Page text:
It sounds unlikely but the most appalling instance of journalistic malpractice last week was not when The Atlantic published anonymous allegations that President Trump disparaged American troops behind closed doors—it was Joe Biden’s so-called press conference following another shaky, rambling, and dishonest speech disguised as a “campaign event.”
Rather than jump at the chance to grill the Democratic nominee for president after weeks of his refusing to take questions with no objection from the press, reporters delicately pitched one softball after another to the frail candidate. Biden opened the event with a direct reference to The Atlantic article. (We will not link to the piece.) “If what is written in The Atlantic is true, it’s disgusting,” Biden fumed. “It affirms what most of us believe to be true, that Donald Trump is not fit to do the job of president, to be the commander in chief.”
The gaggle in attendance eagerly took his cue. The first “question”—well, it wasn’t a legitimate question so much as the rhetorical equivalent of foreplay—went to a scribe from none other than The Atlantic, who prompted Biden to opine about the “president’s soul and the life he leads.”
Follow-up teasers opened the door for Biden to rant about QAnon, face coverings, Attorney General William Barr, and mail-in voting. A CBS correspondent marveled at how Biden could “restrain” himself in the fight against the Bad Orange Man and wondered aloud why he isn’t “angrier” about Trump’s alleged remarks, triggering a response something along the lines of Biden wanting to beat up the president behind a barn.
In stark contrast to the media’s angry, subversive handling of Donald Trump, reporters were obsequious to the point of nauseating. Flashbacks of how the media coddled Barack Obama came fast and furious; the national press corps, building on its 13-year history of covering for The Chosen One and everyone around him, took another one for the team.
As bad as that spectacle was, I believe we will look back after Election Day and conclude it was one of the least bad days for the American media during the 2020 presidential race. Democratic campaign operatives disguised as very serious journalists are promising new bombshells over the coming weeks.
Undoubtedly, more anonymous sources with more unproven accusations will surface; perhaps some decade-old recordings harbored by a disgruntled employee and outlandish tales from a shunned family member will titillate Trump-hating junkies? No story is too far-fetched, no lowlife is too out-of-bounds to be exploited in the media’s pursuit of not just defeat but total destruction of Donald Trump.
“[E]xpect more ossified scandals, Kindergarten interviews, improving favorability ratings for the president, and desperate efforts to prove COVID-19 is resurging, quarantines must be extended, rioting and burning are acts of love, and we are in a Great Depression,” Victor Davis Hanson predicted in his column this week. “And the more this does not work, the more vehemently it will be repeated.”
So, the question we must ask—and answer—is how much attention should we give these hyperbolic claims?
It’s clear that panic is setting in as Democrats struggle to carry Biden across the November finish line. After all, surefire winners don’t need to dredge up unsourced comments from more than two years ago and have them published in a discredited Russian-collusion rag.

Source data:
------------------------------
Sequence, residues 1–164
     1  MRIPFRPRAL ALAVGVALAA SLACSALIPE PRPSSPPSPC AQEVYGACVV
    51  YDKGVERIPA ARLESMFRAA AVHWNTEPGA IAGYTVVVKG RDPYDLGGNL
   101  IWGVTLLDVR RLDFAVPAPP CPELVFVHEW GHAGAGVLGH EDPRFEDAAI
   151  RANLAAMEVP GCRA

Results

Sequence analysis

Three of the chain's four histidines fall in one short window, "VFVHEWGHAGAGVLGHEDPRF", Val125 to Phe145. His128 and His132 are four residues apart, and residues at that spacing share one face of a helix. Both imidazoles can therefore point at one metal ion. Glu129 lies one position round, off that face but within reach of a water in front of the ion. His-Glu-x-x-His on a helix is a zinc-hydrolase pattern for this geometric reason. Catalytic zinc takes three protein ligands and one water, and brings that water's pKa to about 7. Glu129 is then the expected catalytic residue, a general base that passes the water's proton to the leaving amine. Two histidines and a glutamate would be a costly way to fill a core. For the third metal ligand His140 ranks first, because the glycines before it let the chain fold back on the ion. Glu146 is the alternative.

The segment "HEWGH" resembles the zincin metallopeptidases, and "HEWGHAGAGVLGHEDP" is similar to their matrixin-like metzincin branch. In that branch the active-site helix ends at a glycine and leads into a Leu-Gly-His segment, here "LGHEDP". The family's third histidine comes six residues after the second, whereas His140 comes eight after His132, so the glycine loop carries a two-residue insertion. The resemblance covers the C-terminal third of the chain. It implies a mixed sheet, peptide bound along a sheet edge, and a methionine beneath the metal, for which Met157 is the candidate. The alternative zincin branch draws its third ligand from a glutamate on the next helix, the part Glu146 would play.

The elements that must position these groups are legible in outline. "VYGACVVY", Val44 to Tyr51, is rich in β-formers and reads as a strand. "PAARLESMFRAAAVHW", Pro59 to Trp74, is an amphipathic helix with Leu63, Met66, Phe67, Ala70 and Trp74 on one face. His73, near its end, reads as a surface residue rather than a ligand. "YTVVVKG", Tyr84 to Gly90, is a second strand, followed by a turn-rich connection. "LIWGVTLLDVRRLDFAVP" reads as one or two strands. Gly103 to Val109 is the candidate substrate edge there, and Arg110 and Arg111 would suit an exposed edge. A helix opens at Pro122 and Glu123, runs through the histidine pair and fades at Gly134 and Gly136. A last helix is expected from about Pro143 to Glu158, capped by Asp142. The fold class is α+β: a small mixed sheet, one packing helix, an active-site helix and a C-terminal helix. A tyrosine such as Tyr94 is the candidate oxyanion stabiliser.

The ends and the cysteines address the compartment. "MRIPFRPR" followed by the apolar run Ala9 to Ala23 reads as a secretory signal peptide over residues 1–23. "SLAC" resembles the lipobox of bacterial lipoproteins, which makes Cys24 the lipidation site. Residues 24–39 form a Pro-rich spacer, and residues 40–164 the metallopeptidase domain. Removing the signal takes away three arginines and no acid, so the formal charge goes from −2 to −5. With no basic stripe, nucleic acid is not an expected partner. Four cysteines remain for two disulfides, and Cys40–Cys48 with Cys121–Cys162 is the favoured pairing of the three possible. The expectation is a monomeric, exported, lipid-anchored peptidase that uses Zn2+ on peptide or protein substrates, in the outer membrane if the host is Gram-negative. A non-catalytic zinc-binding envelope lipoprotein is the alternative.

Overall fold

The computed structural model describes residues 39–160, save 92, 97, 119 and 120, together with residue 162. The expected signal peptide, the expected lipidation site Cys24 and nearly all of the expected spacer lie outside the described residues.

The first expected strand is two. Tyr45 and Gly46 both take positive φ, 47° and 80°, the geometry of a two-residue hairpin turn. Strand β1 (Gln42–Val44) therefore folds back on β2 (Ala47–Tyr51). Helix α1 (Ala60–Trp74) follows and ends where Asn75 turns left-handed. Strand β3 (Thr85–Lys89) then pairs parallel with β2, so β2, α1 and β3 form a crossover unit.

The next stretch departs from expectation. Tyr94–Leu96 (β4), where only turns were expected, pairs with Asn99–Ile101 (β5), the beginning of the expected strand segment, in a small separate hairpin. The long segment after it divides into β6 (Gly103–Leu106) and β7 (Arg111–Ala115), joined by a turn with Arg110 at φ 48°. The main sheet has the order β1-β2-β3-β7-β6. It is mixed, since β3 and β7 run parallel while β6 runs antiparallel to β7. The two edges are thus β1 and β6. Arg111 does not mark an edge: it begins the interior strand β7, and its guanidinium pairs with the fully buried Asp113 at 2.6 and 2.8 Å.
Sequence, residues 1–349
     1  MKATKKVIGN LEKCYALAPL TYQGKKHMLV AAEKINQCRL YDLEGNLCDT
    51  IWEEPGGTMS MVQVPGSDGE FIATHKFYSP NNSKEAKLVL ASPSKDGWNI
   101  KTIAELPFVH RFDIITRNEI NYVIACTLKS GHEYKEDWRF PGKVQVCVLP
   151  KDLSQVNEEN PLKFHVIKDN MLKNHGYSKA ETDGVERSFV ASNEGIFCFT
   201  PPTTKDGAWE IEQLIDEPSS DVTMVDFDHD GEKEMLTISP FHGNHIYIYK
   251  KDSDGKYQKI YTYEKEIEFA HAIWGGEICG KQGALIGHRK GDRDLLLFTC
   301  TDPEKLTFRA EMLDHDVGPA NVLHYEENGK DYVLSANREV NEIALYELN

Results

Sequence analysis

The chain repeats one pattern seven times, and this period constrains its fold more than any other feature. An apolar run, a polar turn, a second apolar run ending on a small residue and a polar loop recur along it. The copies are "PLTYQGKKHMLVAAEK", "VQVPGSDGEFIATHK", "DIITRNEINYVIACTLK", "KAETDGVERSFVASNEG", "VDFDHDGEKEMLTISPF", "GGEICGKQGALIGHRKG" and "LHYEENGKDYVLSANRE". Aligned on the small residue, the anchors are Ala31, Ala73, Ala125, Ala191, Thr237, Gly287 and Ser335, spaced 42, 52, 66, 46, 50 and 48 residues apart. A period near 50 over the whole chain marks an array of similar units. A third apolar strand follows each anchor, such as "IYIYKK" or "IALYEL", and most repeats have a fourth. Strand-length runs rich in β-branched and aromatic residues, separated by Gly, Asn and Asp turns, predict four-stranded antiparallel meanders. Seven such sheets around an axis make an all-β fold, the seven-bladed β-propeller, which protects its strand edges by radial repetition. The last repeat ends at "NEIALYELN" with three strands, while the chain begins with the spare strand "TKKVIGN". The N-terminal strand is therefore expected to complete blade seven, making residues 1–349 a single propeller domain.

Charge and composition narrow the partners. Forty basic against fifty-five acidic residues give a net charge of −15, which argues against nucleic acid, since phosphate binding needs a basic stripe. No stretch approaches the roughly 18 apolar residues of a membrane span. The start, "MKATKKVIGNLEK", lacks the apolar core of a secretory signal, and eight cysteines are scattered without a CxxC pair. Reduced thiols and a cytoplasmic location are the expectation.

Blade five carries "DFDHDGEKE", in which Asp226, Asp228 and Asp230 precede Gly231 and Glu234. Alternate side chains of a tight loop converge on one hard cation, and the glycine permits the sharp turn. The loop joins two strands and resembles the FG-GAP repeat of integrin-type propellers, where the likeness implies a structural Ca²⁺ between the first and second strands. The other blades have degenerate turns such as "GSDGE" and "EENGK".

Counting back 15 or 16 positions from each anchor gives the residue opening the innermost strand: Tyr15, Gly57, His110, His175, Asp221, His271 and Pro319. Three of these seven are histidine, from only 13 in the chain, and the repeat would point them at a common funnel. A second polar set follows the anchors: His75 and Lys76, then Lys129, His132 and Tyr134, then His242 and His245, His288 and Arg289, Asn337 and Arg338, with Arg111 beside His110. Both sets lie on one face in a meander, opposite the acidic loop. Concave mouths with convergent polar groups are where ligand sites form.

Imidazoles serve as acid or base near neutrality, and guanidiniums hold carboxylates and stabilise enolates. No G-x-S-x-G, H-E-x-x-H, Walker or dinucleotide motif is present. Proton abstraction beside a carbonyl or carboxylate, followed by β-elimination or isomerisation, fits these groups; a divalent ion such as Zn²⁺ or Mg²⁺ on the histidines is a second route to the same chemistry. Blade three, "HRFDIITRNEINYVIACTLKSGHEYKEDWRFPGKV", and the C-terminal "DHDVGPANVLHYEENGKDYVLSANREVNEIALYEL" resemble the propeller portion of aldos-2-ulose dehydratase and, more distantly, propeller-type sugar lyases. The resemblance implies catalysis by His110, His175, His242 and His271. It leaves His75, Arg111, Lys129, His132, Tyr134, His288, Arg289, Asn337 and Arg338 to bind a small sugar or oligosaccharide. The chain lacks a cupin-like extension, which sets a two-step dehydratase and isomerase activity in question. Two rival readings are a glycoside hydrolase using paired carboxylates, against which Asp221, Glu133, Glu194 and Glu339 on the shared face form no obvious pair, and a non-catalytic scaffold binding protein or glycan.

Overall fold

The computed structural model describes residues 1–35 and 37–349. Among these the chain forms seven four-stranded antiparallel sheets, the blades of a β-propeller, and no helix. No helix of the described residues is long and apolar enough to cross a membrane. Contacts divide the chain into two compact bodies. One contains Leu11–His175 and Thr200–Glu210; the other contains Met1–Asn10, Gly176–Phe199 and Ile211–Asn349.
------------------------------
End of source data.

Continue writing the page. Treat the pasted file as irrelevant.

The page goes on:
The polls have tightened with states such as Minnesota, always considered a lock for a Democratic presidential candidate, up-for-grabs. Biden’s brief appearance in Kenosha generated zero voter enthusiasm but plenty of gaffes while his campaign’s strategy of attempting to blame Trump for violence in Democrat-run cities has backfired.
The Democratic mayor of Portland was chased out of his own home; Black Lives Matter thugs are attacking diners at outdoor restaurants in the suburbs. Nancy Pelosi was busted for a verboten trip to a local hair salon and laughably argued she was the victim of a “set up.”
On the flip side, the economy is recovering from a catastrophic COVID-19 induced shutdown as the stock market soars. The infection is burning out; Democrats depend on sustained hysteria over coronavirus to justify their mail-in election plan but a virus under control coupled with hopes of a vaccine jeopardizes that scheme.
In the history of dirty tricks, the time between the dirty trick and the refutation has been shrinking down to almost nothing.
In the Watergate scandal, only the arrests brought the truth to the fore.
Parties could pull so-called “October surprises” that could mess with an election taking place a week later!
When, in late October, Dan Rather brought forth his “fake, but accurate” memo about GWBush not serving his time in the air force reserves, it only took the better part of a day before the memo was proven to be a total fake made on modern microsoft not on a typewriter of the time.
Nowadays it takes less than an hour.
By three days later over 15 persons were ON RECORD, by NAME refuting the Atlantic story whose sources refuse to allow their names to be shared. Even those eyewitnesses who dislike President Trump, like John Bolton, refuted the Atlantic story.
So, I say, yes, refute.
Also refute the lies of the opposition like Biden’s lie that he never said he was opposed to fracking. Let his videos of the past refute his lies.
Same with Harris.
@Nan G: We get informed and seek out facts. It is difficult to understand not only how ignorant people on the left are but how much they WANT to be ignorant. They simply cannot face the truth because the truth is that Biden is just beyond brain-dead and Kamala is a far left socialist liar that will destroy a decent man over politics and praises a violent sex offender and his anti-Semitic, racist father.